Robert Scoble reckons that Group Blogs Suck. It’s a good thought including this point:
The thing is my visitors are coming to see me. Me alone. If I am interesting the numbers increase. If I’m not interesting, they decrease. It’s a very visible feedback loop.
But, in a group blog, my traffic goes up based on how interesting the GROUP is. In other words, if there’s 10 people writing a blog and I’m an uninteresting member, my traffic goes up because of the other nine. Yet readers are stuck reading me, even if I’m boring.
I guess I use each blog differently, and it’s always a compromise of a kind. I put whatever I like in this blog but I do tailor what I write in collaborative blogs so that it coheres with other writes. You could say this amounts to self-censorship; I prefer to think of it as a structure that makes me think more.
Sure, group blogs may tend to average out opinion, but I like the challenge of collaborating which sometimes means sublimating my ego a bit more than I do in my own space.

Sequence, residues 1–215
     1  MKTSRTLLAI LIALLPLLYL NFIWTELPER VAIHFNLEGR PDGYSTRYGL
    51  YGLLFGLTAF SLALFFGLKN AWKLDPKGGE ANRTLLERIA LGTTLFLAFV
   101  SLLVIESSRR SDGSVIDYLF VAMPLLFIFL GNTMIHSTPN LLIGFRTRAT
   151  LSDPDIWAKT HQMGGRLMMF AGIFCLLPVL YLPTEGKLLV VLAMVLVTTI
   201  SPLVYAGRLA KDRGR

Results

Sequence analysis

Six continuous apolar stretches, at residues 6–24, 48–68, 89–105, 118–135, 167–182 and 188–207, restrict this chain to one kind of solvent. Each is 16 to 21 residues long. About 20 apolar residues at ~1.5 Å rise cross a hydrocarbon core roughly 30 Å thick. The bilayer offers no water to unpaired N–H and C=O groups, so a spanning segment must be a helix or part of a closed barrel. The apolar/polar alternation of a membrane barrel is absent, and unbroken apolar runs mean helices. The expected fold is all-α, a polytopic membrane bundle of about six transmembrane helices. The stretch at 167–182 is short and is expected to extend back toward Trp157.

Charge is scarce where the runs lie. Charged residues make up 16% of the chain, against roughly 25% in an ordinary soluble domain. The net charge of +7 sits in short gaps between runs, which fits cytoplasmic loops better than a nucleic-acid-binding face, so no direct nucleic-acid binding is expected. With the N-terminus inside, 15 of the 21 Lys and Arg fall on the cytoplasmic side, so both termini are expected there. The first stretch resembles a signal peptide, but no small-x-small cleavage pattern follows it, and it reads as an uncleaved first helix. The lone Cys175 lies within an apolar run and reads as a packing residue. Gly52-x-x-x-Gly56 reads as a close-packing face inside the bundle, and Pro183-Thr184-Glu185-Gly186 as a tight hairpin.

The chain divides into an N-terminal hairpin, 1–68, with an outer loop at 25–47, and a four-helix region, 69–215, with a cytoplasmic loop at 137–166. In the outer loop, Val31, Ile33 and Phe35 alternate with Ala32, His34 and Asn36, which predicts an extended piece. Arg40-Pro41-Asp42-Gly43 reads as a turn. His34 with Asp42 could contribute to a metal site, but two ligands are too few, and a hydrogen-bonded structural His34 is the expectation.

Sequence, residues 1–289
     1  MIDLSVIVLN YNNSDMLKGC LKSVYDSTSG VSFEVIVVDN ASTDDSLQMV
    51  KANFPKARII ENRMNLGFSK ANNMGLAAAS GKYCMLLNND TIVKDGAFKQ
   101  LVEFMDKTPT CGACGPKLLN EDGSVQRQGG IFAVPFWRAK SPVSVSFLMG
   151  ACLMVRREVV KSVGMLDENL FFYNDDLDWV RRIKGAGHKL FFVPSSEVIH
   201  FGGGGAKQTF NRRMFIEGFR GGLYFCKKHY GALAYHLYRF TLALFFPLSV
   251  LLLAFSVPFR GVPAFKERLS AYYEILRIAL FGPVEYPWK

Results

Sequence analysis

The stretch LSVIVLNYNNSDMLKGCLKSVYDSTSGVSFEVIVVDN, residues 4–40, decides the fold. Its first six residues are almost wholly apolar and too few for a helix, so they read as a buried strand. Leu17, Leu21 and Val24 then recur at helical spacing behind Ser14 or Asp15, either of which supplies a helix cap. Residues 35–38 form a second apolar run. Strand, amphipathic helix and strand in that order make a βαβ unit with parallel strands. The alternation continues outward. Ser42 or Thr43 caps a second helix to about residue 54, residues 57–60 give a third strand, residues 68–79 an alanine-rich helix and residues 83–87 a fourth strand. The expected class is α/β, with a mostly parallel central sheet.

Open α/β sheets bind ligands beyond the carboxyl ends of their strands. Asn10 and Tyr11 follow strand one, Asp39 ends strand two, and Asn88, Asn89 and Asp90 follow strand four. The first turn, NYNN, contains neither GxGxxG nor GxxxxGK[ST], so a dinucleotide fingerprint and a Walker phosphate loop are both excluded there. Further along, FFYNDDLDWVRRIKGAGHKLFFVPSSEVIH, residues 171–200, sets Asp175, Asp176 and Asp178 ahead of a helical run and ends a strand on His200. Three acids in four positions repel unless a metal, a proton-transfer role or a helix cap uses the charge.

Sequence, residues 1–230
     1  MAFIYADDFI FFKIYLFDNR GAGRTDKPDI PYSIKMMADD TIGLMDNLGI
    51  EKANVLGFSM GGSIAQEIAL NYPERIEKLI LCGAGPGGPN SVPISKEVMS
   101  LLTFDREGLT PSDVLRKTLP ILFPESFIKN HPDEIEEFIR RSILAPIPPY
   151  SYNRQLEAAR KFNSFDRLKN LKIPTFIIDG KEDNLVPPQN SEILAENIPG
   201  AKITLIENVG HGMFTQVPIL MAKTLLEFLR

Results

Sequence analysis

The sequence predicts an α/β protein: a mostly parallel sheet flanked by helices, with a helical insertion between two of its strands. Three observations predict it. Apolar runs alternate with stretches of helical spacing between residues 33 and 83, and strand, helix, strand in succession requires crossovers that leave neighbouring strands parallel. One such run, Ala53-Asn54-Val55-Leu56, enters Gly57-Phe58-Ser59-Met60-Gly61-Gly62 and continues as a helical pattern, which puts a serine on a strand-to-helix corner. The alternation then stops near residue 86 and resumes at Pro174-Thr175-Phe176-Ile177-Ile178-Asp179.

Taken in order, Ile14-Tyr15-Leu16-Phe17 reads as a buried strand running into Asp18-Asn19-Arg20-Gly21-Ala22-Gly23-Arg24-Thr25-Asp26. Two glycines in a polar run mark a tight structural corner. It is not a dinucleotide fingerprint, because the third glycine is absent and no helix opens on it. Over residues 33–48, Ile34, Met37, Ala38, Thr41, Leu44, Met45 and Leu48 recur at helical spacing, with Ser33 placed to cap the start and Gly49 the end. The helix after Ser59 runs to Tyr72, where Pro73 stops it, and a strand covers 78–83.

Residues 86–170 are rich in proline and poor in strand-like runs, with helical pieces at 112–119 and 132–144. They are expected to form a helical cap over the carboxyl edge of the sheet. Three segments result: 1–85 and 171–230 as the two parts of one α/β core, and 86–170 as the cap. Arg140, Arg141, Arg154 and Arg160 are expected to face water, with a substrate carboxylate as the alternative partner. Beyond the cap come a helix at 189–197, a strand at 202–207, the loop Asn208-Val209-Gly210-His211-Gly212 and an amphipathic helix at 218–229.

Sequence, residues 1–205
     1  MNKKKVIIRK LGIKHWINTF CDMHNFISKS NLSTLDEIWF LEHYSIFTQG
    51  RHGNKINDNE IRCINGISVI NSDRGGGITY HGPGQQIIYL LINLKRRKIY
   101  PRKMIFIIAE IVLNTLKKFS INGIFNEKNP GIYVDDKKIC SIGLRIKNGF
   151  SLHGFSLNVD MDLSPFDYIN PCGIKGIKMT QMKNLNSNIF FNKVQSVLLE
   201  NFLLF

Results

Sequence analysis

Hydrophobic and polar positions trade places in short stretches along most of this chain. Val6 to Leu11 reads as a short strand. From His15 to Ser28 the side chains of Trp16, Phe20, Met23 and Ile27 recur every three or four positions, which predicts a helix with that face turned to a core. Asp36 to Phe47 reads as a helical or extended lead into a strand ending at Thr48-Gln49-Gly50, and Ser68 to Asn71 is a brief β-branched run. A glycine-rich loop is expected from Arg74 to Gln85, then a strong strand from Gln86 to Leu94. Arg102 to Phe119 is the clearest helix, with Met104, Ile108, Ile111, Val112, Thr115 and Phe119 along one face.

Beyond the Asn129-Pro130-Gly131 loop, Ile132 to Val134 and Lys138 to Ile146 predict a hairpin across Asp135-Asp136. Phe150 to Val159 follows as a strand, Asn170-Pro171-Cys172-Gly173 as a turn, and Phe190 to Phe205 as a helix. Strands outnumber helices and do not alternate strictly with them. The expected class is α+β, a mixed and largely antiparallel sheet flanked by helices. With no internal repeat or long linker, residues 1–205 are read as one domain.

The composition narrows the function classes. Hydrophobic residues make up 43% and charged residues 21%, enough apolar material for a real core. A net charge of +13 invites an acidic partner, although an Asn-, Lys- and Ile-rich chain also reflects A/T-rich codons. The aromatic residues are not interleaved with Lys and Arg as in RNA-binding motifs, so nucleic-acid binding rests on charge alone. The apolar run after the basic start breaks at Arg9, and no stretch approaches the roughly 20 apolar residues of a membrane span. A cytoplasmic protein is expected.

Scoble worries about the “owner” of the group blog being in control, but in the group blogs I do, no-one is in control, somehow we just get along. Sure, some of what others write I don’t fully agree with – but I can live with a measure of dissonance. I find it thought-provoking. Anyway, I quite often read stuff Iwrote a while ago and disagree with it.
So I guess I’m saying, it’s not an either-or choice. At least not for me.
Also, so what if sometimes others get credit for “my” thoughts, and sometimes the other way round? That’s ok, I think the idea of owning ideas is a bit twentieth century; ultimately that’s the mindset of SCO in their miserable lawsuit against IBM.